ned at squeakland.org
Wed Dec 22 05:02:01 UTC 2004
On Sunday 19 December 2004 7:51 pm, Michael Latta wrote:
> 1) The current Morphs seem to use BitBlt. Is there an effort to use
> Baloon? Can I build my own morphs using Baloon? I would like
> anti-aliased morphs.
You can certainly use Balloon. Connectors2 and the CurveMorph stuff I did for
Squeakland uses Balloon.
The incantation is something like:
aCanvas asBalloonCanvas ...
Balloon has a couple of bugs in rendering, though; there is some flattening of
ellipses, and flaws in line thickness at joints in some cases. And there's an
off-by-one bug that may cause other graphics to be slightly overwritten in
> 2) What is the relative speed of BitBlt vs. Baloon vs. OpenGL? Does
> Baloon use the hardware on Windows or Mac OS/X?
Balloon does not use hardware acceleration. It's slower than BitBlt. OpenGL is
being used by Croquet, but that's different.
> 3) Does the polygon morph deal with dragging line segments or other
> means to allow user control of line routing?
Yes. You can do a shift-click to bring up handles. However, in some cases
(like for lines (non-closed PMs) you may want to use Connectors2 instead.
> 4) Can I control the layering of morphs?
Yes, more or less.The answer to this has two parts:
* You can control the layering of a morph vs. its submorphs by overriding
By default a morph is drawn first, followed by its submorphs. If that's not
what you want you can change it.
* You can control the Z-order of your morph with respect to other submorphs of
its parent by where it is added to the submorphs array. This can be
controlled in several ways:
-- you can provide a morphicLayerNumber, so that when your morph is added to a
parent it gets put in front of morphs with lower morphicLayerNumbers.
-- if you need a "topmost" morph, you can periodically arrange it to be the
topmost within its parent (typically in the step method).
Connectors2 uses both of these methods in different places.
> 5) The squeak books at Amazon looked old (3.4 or so). Is there a
> current reference that covers Morphic as it exists now?
Not that I know of, but Morphic itself hasn't changed much since then. There
may be some new classes or subtle changes, but pretty much everything is the
same. There have been slight changes in add/remove morph protocols, and maybe
in the top-level Morphic event loop since 3.4, but I don't think there's been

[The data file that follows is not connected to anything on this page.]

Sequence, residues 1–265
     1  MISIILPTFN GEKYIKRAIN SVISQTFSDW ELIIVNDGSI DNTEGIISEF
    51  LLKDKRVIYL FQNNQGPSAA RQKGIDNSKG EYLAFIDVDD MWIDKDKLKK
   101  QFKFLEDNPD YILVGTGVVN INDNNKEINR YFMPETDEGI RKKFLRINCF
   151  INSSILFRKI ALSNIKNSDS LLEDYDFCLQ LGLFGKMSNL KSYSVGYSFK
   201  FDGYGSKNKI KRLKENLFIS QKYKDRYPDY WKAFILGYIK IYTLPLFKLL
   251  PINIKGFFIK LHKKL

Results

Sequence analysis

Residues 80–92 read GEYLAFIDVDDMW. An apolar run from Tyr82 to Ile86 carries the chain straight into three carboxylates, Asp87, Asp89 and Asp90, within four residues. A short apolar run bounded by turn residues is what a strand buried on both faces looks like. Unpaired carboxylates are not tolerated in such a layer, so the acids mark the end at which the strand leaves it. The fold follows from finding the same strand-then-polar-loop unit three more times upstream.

many changes that would affect the typical Morphic programmer.
> 6) Can I anchor a morph to the outside of another morph, or only inside
> another morph?
Sure. You can have a morph move itself dynamically to wherever it wants.It
could follow an unrelated morph around if it wanted to (this is how the
endpoints of Connectors work).
If you mean to do this statically, by layout, outside a parent, the answer is
still yes. (That is, if you're talking about a submorph appearing outside the
bounds of its parent).
However, the parent morph can't use a layout policy that would move the
submorphs (so TableLayout is out). It may be possible to use a
ProportionalLayout to do this (using negative offsets); I haven't tried it.
Certainly you can do this using no LayoutPolicy.
> If I want handles on a morph, do I need to place a
> parent morph to hold the handles and the morph being edited?
No; there's always the World to use as a parent. However, it may be more
convenient to use a (possibly invisible) parent morph to handle the user
interaction and to own the handles. That gives you a logical place to manage
If you haven't already, you might want to read the paper about "Magic Lenses"
in user interface design. The gist of this is that one can make UI objects
that can be dragged or otherwise placed over other UI objects and then can
modify appearance and user interaction, since they're in between the user and
the underlying objects. This is a useful idiom for managing handles within a
tool. Whether the lens itself is visible doesn't really matter, in my
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